As a result of strife within the party, in 1926, G.E. Zinovyev lost his power in Leningrad and S.M. Kirov took charge of the Leningrad Regional Committee of the VKP(B). He was a loyal follower of Stalin's policy; however, he had democratic image and personal charm and was popular in the city. Under Kirov, the Leningrad region went through the abolition of the New Economic Policy, collectivization, and the mass deportation of "social strangers" in 1928 and 1932. In 1934, Kirov was assassinated under circumstances that remain unclear. Already in those years, rumors circulated that Stalin had ordered the assassination. The assassination was used as an excuse for mass repression; Leningrad was targeted especially. Both former oppositionists and the remnants of the old intelligentsia suffered. In 1936, the "Great Terror" swept across Leningrad and the country.
After the beginning of the New Economic Policy, the pre-war industrial level of the city was quickly restored; during the First Five-year Plan, the role of Leningrad as one of the biggest industrial centers of the country was established. The city had the largest number of workers in the USSR, the Leningrad seaport retained its value as a key trade junction, and Kronshtadt was the main base of the Baltic Navy. The new borders of the USSR established after the Civil War made Leningrad a border post. The city was still the country's largest center of science and education, and it retained its reputation as the most European city in Russia. At the same time, the removal of the Academy of Sciences and other cultural institutions to the new capital aided Leningrad's gradual transformation into a provincial city, despite its great history.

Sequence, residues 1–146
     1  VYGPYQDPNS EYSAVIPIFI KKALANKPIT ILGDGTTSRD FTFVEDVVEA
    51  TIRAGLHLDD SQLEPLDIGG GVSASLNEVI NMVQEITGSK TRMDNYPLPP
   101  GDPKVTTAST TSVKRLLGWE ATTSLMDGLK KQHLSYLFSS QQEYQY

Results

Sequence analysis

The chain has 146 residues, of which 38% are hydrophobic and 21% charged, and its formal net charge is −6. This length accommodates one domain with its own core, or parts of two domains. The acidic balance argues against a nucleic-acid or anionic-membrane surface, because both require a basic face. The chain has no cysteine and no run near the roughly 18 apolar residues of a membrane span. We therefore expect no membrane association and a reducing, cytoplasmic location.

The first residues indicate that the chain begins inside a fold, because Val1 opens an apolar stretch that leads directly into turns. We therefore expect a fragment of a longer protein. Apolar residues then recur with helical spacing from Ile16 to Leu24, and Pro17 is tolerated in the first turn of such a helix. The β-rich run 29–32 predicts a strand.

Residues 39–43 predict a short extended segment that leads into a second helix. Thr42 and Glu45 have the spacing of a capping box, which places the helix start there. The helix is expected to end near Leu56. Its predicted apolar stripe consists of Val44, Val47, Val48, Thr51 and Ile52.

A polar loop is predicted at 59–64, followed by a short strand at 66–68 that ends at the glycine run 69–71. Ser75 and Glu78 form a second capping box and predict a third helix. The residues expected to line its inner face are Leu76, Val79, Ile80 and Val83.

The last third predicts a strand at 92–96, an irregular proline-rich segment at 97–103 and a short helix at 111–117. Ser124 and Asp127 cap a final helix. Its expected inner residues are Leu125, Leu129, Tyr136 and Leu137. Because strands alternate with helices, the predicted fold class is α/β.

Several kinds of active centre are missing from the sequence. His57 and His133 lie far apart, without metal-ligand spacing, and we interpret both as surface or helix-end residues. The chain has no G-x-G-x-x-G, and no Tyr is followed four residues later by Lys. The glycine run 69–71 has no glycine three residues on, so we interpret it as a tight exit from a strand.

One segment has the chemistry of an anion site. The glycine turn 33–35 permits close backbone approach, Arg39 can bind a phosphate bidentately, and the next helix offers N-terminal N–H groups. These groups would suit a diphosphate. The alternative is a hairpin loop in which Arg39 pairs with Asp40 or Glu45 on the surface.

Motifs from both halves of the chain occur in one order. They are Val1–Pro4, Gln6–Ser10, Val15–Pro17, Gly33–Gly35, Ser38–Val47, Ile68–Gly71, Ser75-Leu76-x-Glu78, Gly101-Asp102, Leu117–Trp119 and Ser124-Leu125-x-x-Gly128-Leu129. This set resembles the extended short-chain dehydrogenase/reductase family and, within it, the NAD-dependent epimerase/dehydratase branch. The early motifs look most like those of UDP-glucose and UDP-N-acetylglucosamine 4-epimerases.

During 1920s and 1930s, Leningrad retained its value as the main cultural center of the country. It was home to the Hermitage and Russian Museum, the philharmonic, and many theaters. Palaces in the city and suburbs became first-rate museums. The Leningrad journal Literary Contemporary was one of the most interesting and independent journals in the country. The most distinguished representatives of the Silver Age still lived and worked there - A.A. Akhmatova, M.A. Kuzmin, M.L. Lozinsky, and others. At the youth journals "Yozh" and "Chizh", there worked such innovative poets as Kharms, Vvedensky, Oleinikov. However, when A.A. Zhdanov replaced Kirov, ideological pressure on culture intensified, and in the years of mass terror, Leningrad's creative intelligentsia suffered terrible losses.
In the post-Revolutionary years, the administrative borders of Leningrad were widened. Former suburbs were annexed to the city. In 1935, a general development plan for Leningrad was conceived; the plan defined major priorities for mass housing. New housing was developed most actively in so-called workers' districts - behind the Narvskaya and Nevskaya Gates, along Moskovsky Prospect, in the Vyborgskaya area. In architecture, constructivism prevailed, defining the appearance of various neighborhoods to this day. Architects paid much attention to such new kinds of building as houses of culture, offices of District Soviets, food industry factories, stadiums. After the mid-1930s, ponderous pseudo-classicism - "Stalinist Empire style" - replaced revolutionary romanticism in architecture.